This is an unfortunate physical reality that will not budge for us and fundamentally limits the rate at which space habitats can scale.  In order to expand a space habitat, not only do we have to bring in new material proportional to the volume we want, but we have to process that material into strong structural fiber.  it doesn't matter if you change the shape or add cross-support, the above proportionality remains.  Perhaps the only "good" news is that it still scales better than building skyscrapers, which becomes MORE material intensive the higher it goes.

Breaking the mold

It is argued that space can usher in an age of abundance.  If the economics of self-replicating zero-gravity industrial infrastructure is as good as we hope it can be, then perhaps habitat mass that scales with volume is simply irrelevant, since the advanced civilization could make as much of anything as they need.  I see this as using the "brute force" thinking of the industrial age of oil.  It is better to paint a vision of the future that cleverly works with the laws of nature.  The expensive approach I've described so far for an artificial gravity station is a go-to plot device for many science fiction authors, or at least those who make an attempt at realism.  They have, themselves, perfectly illustrated the problems with the concept by invoking Carbon Nano-tubes to hold together habitats of sufficient sizes to mimic Earth.

Alternative proposals seem hard to come by, but here are two that I know of with some amount of merit.

Trent Waddington is an active space proponent online that has attempted a proposal for colonization inside an asteroid that includes artificial gravity.  He details his observations in his Living Inside An Asteroid post, which calls for tunnels and a circular train track for artificial gravity.  Although left unsaid, I would presume that the tunnels are a full vacuum and the train contains the pressure boundary.  Under the assumption that the asteroid is fully rigid this could make sense.  Most importantly, the force on the tracks would replace the tensile strength in my example of a modular rotating habitat with stationary shielding.

To attack his idea, the friction with the tracks seems to be an unresolved issue.  The absence of gravity and a vacuum environment doesn't change anything about rolling friction.  If anything, it makes it harder because lubrication is no longer a simple thing.  There are ways around this, certainly.  The larger issue is that nothing has been done about the scaling of pressure vessel materials.  Given that's not solved, there's not really an benefit to eliminating the structural materials for the load, remember, tensile strength to create artificial gravity pales in comparison to what's needed to hold internal pressure.  It's hard to see how any track-based approach would be superior to a simple tether, save for the unique case that there is an extremely high premium on reducing Coriolis forces.  Even in that case, the largest spinning radii that are practical to support with a tether is also close to the limit of perfect asteroid rigidity.

Karl Schroeder is a science fiction author that has written several fiction books based in a fantasy world called Virgra, which is mostly stagnant atmosphere contained in a "space balloon".  The volume is extremely large at 5000 miles in diameter and is littered with human presence in the form of rotating habitats.  It is a good president of someone exploring the immensity of an Earth-sized three-dimensional world enabled by zero gravity.  It also highlights how easy certain things become (like transportation) when you eliminate the need for pressure vessels to cope with the environment of space.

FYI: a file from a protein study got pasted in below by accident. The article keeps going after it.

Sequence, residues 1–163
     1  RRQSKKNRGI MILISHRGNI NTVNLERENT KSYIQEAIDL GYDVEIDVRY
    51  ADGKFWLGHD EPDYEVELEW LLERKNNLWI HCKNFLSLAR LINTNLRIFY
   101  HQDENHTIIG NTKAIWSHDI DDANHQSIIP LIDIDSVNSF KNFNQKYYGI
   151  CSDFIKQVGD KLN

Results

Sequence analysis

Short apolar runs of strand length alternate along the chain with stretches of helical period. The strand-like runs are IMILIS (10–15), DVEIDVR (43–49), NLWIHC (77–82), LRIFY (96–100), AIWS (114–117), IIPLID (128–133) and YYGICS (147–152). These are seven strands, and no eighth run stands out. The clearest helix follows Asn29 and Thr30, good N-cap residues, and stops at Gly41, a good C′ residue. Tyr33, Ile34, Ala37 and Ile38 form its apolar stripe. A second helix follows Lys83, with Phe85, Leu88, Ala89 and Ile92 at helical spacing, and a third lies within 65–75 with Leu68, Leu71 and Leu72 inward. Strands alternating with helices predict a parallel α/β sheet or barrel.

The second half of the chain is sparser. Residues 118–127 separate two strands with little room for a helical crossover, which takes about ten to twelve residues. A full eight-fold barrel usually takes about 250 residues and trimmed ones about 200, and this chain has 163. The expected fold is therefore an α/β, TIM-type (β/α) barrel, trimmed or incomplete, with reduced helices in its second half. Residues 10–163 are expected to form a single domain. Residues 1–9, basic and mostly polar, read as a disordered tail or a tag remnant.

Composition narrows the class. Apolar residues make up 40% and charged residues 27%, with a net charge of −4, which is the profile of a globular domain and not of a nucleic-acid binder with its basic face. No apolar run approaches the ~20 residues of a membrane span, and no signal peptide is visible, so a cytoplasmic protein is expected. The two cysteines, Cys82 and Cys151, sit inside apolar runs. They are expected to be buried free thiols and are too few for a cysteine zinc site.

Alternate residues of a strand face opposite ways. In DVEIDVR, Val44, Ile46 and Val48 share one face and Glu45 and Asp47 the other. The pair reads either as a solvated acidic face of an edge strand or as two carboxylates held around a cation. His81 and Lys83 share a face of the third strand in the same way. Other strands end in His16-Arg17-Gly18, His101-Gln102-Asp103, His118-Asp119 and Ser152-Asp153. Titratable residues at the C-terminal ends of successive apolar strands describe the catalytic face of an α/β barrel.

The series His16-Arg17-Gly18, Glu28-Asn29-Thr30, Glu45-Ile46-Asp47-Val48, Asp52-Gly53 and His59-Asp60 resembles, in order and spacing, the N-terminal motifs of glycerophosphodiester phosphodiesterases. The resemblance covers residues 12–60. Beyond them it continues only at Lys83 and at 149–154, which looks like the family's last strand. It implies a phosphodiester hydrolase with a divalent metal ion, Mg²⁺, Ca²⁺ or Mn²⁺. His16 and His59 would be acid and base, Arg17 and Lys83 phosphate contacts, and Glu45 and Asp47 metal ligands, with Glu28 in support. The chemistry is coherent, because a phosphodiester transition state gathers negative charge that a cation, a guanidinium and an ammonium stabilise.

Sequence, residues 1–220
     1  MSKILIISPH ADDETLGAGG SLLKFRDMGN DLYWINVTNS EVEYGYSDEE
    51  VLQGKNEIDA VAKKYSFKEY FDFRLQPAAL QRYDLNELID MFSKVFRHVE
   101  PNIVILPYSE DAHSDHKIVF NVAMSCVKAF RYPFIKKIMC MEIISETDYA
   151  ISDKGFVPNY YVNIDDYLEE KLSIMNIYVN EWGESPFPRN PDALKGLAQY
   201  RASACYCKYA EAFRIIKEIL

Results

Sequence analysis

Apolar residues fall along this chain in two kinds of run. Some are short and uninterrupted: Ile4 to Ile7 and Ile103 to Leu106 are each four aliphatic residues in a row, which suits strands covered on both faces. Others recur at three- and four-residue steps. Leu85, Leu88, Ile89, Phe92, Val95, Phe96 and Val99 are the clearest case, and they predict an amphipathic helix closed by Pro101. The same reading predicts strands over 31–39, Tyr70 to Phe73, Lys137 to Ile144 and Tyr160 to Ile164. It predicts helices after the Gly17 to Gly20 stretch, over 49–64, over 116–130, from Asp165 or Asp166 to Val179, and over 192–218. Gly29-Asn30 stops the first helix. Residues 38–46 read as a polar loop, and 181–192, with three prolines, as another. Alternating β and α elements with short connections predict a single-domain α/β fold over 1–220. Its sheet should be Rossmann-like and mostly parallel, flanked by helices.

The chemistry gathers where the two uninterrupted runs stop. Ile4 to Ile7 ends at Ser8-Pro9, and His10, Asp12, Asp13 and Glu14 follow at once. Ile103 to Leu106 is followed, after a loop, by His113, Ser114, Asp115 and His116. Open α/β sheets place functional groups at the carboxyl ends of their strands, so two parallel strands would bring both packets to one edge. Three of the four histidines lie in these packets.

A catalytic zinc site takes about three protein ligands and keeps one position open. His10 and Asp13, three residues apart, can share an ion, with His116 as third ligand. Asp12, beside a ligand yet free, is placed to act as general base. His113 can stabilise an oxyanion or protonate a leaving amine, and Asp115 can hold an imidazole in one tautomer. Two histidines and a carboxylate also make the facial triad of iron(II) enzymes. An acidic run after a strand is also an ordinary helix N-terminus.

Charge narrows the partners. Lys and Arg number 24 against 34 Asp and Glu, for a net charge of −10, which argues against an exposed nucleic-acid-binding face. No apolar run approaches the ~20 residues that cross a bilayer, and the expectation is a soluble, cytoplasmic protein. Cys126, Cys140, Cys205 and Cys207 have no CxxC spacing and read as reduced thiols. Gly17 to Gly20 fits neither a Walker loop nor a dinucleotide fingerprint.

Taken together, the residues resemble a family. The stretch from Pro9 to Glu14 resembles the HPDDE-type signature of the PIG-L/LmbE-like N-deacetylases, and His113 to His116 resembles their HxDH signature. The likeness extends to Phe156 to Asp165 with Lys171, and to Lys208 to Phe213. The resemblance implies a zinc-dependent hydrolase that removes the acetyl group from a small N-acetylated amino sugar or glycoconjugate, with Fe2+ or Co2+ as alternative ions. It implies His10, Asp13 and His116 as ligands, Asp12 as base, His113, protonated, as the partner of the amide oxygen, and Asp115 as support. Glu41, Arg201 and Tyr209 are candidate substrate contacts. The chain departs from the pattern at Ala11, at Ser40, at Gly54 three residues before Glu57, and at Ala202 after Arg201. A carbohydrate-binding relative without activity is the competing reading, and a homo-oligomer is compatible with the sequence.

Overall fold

Nonetheless, I absolutely can not understand how he possibly thought it was a good idea to claim the balloon was made of carbon nano-tubes, in spite of apparently being directly told by a physicist that self-gravity alone could hold the air in.  When science fiction authors use unrealistic technology to get around a problem, then that's just how things go.  But here we have a case where the author invoked extremely exotic technology when completely ordinary stuff would have worked just fine.  Carbon nano-tubes are cool, but one has to consider the fact that we're specifically talking about employing them for >1,000 years in a high radiation environment with huge thermal stresses as well as ice constantly forms and breaks off the inside.  The world also has a completely unnecessary and unphysical giant sun located in the middle of the thing.  Neither of these things are the biggest problems with Virgra.  One could just imagine replacing them and call what's left physically accurate, if not for....

The spinning structures, for which:
"After all, any one of the smaller rotating structures could still be hundreds of kilometers in diameter."
No, they couldn't.  Even the smallest acceptable radius for Coriolis forces (about 500 meter diameter, 2 rpm) would be subject to hurricane gale force winds in this environment.  Given that the atmosphere is the same that we know on Earth, with plenty of N2 diluting the Oxygen, the speed of sound is also the same, and beyond a diameter of roughly 10 km you find yourself at fully supersonic speeds.  Now you may say "well the air will be dragged along with the tube", and it won't be.  This is a well understood problem if you take it to be a cylinder rotating in open air.  It is in a highly turbulent regime, and the type and amount of turbulence you will see under particular flow conditions is well understood and well studied.  I looked into some papers on this, and with some simple calculations got a general idea of the sheer force that the tube would see, and it's on the order of 80 Watts per square meter.  Multiply that by the entire surface are of the tube, and even for the slender habitats, you're looking at massive power dissipation by the air, which is basically what a hurricane is.

There are plenty of others that seriously do not have any real merit.  Some are mind-blowing by just how inefficient and round-about they are.